SEVIS by the Numbers is a statistical breakdown of the (SEVIS) system’s performance and trends in foreign student representation in US academic and exchange programs. Below is the “latest” SEVIS by the Numbers update (PPT). What used to be quarterly updates appear to have changed to biannual updates, if the September report is any indication, the file title notwithstanding. Many of us who follow these trends actually prefer the quarterly updates to the annual Open Doorsreports on international academic mobility, which use data that are already a year old.
On 1 October 2012, SEVIS (Student and Exchange Visitor Information System) contained records for 1,275,285 active nonimmigrant students, exchange visitors, and their dependents. The total number of records for all F-1, M-1, and J-1 visa holders has increased to approximately 10.1 million. There are 44,203 international students enrolled in secondary schools, including a sizable number from Vietnam.
Vietnam enrollment increased from 18,537 in March 2012 to 19,312, a 4% increase.Vietnam continues to lead the third tier of “top ten” schools (8th) with more students in the US than Mexico (9th) or Brazil (10th). My guess is that will surpass Taiwan and Japan in the next five (5) years.
- China continues to have the highest number of active students (248,760), a 23% increase in two quarters. South Korea remains a distant second with 104,948, a slight decrease over March 2012. India is not far behind with 97,883, also a slight decrease.
Business continues to be the leading major for international students (192,628).
70% of active students are enrolled in bachelor’s, master’s or doctoral programs.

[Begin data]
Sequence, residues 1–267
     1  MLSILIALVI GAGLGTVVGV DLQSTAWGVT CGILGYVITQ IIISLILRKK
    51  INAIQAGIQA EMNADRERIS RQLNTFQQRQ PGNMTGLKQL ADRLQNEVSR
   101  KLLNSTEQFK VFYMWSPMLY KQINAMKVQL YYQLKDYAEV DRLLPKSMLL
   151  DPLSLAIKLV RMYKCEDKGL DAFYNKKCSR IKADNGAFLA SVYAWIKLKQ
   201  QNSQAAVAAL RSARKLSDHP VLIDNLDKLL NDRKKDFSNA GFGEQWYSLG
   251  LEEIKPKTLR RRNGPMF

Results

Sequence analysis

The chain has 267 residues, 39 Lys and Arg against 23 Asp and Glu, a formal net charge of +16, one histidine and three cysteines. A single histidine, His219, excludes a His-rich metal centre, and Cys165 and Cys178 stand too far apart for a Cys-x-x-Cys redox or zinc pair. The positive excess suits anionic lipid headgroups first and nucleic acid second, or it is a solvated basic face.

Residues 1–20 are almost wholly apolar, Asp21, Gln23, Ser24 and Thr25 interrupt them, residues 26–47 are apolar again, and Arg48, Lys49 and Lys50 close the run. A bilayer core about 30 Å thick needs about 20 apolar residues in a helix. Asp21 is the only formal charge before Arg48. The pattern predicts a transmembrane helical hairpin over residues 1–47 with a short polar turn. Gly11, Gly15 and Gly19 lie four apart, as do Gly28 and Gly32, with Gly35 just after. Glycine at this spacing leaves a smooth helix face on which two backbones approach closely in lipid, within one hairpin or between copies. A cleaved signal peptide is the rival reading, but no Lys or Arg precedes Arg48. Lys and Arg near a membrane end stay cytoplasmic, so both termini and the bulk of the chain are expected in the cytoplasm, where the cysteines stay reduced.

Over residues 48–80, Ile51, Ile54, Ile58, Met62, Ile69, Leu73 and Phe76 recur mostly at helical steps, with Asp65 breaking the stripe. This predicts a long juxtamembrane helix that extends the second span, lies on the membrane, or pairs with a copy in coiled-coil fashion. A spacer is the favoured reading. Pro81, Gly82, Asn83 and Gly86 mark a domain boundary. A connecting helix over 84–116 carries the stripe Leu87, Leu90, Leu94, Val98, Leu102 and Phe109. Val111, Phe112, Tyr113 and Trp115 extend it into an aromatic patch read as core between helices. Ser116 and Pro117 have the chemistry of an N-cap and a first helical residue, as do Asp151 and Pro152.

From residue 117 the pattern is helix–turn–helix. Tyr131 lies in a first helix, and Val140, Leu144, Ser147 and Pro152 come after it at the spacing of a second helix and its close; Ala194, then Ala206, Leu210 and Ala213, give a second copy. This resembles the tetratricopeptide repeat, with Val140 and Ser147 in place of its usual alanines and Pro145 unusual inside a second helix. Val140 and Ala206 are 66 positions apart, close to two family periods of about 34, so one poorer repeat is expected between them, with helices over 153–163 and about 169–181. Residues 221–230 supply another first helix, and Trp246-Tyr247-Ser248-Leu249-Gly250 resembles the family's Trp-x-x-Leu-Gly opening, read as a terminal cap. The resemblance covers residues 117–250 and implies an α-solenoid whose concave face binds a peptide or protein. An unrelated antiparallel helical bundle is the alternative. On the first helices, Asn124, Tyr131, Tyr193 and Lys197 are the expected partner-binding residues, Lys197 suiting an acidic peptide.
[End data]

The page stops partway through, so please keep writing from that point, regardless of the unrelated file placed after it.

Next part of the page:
California (159,407), New York (113,043), Texas (68,492), Massachusetts (57,275), Florida (43,090), Illinois (42,026), Ohio (30,465) and Pennsylvania (39,761) host 58% of all active students, a 3% increase over March 2012. California, Texas, and Washington enroll over 50% of all Vietnamese students.
36% of all SEVP-approved schools are in California, New York, Florida, Texas and Pennsylvania. (Note: “An approved school may offer several levels of education from pre-school, elementary, high school, to post-secondary education level.”)
Of SEVIS-approved schools with active students, the visa distribution is as follows: 83%/F, 11% F/M and 6%/M. Of the top five F-1 and M-1 approved schools three are community colleges:Cornell University (5,046), Santa Monica College (3,572),Houston Community College System (3,443), the University of Iowa (3,073) and Northern Virginia Community College (2,198).
The top five F-1 approved schools are CUNY (9,885), Purdue University (9,517), USC (9,397), University of Illinois (8,901) andColumbia University (8,579).
- The top five schools with active students on a M-1 visa are: Bethel School of Supernatural Ministry (683), TransPac Aviation Academy (378), Orlando Flight Training (288), U.S. Aviation Academy (211) and the IASCO Flight Crew Training Center (204).
As I mentioned in my last two SEVIS updates, the Bethel School of Supernatural Ministry, whose slogan is Your kingdom come… on earth as in heaven, and which doesn’t appear to be accredited (dear reader, please correct me if I’m wrong; only God is perfect), ”is committed to the truth that God loves people, gave Himself for them and has given His Church supernatural power to bring inpiduals and nations into wholeness. God is in a good mood! Inaugurated in 1998 with 36 students, the school emphasizes that believers need to return to the ministry of signs and wonders—to minister in love, truth and the power of God. The mission of BSSM is to equip and deploy followers of Jesus Christ who passionately pursue transformation in their God-given spheres of influence. In the 2011/2012 school year, more than 1500 students were trained to continue in the ministry style of Jesus: to enjoy the presence of God, say what He is saying, and do what He is doing,” according to itswebsite.
Top Ten Majors
60% of all international students in the US are studying business management, marketing and related subjects (28%), engineering (19%) and basic skills and developmental/remedial education (13%).